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Long Island City’s East River Development Alliance opened its long-awaited federal credit union along 40th Avenue this week, making it the first of its kind to be founded in the city in 10 years.
Bishop Mitchell Taylor, pastor of Long Island City’s Center for Hope International, said the nonprofit credit union would provide bank accounts for thousands of public housing residents in western Queens. An estimated three in 10 residents in the community lack accounts, using check-cashing businesses that charge high fees for financial transactions.
“It is an historic day,” said Taylor, flanked by a swath of city government officials, including Mayor Michael Bloomberg, at the ribbon-cutting ceremony for the credit union Monday. “This is the first credit union in New York in 10 years, the first to be chartered in Queens in 30 years and the first to be chartered under the Obama administration. Today, many people in public housing live paycheck to paycheck and have to decide whether to pay for medicine or put food on the table. This will give people financial freedom.”
The alliance fought for five years to establish the credit union, which is at 13-03B 40th Ave. in Long Island City.
Western Queens has four major public housing developments: Woodside Houses, Ravenswood Houses, Astoria Houses and Queensbridge Houses, the largest in the nation.
Taylor had originally marched with community activists and elected officials in 2006 to call on a bank to open a branch in the community, eventually drawing Amalgamated Bank to 21st Street.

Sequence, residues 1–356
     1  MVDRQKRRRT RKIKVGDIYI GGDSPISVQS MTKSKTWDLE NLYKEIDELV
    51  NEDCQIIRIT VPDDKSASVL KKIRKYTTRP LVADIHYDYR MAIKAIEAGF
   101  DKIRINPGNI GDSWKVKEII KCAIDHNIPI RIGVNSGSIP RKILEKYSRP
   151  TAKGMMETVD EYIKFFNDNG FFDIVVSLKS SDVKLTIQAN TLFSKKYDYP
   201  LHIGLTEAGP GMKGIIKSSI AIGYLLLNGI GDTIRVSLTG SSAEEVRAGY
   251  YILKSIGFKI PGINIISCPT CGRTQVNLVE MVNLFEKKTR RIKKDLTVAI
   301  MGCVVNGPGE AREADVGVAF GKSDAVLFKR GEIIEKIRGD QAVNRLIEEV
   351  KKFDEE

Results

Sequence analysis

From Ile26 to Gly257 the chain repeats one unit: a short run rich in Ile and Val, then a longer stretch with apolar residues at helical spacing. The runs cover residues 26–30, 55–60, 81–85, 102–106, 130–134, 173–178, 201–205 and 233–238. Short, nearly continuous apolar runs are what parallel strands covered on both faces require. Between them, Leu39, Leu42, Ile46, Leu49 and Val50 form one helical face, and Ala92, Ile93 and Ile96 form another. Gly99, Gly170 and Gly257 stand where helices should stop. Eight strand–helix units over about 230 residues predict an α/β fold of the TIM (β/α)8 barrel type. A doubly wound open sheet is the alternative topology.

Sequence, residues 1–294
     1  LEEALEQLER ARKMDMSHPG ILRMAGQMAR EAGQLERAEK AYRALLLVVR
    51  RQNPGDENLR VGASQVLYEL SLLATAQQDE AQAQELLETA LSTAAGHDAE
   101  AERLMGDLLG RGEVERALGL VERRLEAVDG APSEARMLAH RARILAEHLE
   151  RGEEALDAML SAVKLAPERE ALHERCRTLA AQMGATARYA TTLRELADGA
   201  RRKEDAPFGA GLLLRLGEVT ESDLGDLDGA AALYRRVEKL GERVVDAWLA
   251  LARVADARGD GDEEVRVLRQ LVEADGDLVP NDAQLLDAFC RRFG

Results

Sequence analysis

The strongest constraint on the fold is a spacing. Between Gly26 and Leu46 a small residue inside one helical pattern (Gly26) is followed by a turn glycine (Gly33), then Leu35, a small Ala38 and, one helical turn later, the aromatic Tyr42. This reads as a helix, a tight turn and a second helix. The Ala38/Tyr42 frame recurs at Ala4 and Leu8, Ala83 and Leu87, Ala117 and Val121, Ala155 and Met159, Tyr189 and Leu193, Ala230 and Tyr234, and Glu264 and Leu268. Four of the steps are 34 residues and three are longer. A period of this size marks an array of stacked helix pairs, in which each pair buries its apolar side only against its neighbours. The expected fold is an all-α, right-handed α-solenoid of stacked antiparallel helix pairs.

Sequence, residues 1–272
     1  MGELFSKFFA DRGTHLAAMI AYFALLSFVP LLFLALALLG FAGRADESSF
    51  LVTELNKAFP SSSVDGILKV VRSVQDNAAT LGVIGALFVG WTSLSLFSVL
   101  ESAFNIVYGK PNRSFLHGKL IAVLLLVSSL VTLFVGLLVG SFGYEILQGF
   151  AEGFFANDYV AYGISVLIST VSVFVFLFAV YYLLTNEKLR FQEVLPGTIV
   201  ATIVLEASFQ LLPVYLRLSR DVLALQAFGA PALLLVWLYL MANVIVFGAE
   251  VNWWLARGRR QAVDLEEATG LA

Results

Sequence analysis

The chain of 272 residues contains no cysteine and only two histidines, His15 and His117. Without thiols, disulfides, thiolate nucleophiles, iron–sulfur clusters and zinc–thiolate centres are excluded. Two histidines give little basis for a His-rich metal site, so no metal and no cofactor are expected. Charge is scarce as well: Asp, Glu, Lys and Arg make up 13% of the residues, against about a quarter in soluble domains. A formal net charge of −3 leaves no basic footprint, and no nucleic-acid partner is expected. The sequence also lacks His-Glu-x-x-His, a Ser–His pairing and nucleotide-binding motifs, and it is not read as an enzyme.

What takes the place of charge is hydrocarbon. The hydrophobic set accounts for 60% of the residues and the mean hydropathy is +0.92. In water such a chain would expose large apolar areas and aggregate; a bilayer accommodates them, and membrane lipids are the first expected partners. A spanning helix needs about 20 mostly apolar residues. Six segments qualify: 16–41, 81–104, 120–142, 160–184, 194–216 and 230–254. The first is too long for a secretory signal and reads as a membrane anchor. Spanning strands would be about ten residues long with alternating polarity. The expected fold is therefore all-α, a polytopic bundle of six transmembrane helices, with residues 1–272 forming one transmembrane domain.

But Taylor said he wanted to go one step further to provide financial support for the people of his neighborhood.
“When you put in a bank, you rent space,” said Taylor, who is also ERDA’s founder and chairman of the new credit union’s board. “But when you put in a credit union, you own it. So we’ve created thousands of bankers in western Queens.”
Taylor said 1,000 people have already pledged to open an account at the new site. The credit union has also secured $1.1 million in non-member deposit pledges.
Bloomberg told the crowd of several hundred people at the ceremony that 50,000 Queens households did not have checking accounts.
“We want New Yorkers to have better choices to build their dreams,” the mayor said. “It’s a great day for the people of Queens.”
U.S. Rep. Carolyn Maloney (D-Astoria) brought ERDA together with the United Nations Financial Credit Union.
“It’s a not-for-profit, so there will be lower fees and interest rates,” the congresswoman said. “The revenue generated goes back to the members.”
The ceremony drew elected officials from across the city, including city Comptroller John Liu, Council Speaker Christine Quinn (D-Manhattan), Public Advocate Bill de Blasio, state Assemblywoman Catherine Nolan (D-Ridgewood), and Councilmen Peter Vallone Jr. (D-Astoria), Jimmy Van Bramer (D-Sunnyside) and Leroy Comrie (D-St. Albans) as well as former Council Speaker Peter Vallone and former Councilman Eric Gioia.
Reach reporter Nathan Duke by e-mail at firstname.lastname@example.org or by phone at 718-260-4566.
©2010 Community Newspaper Group
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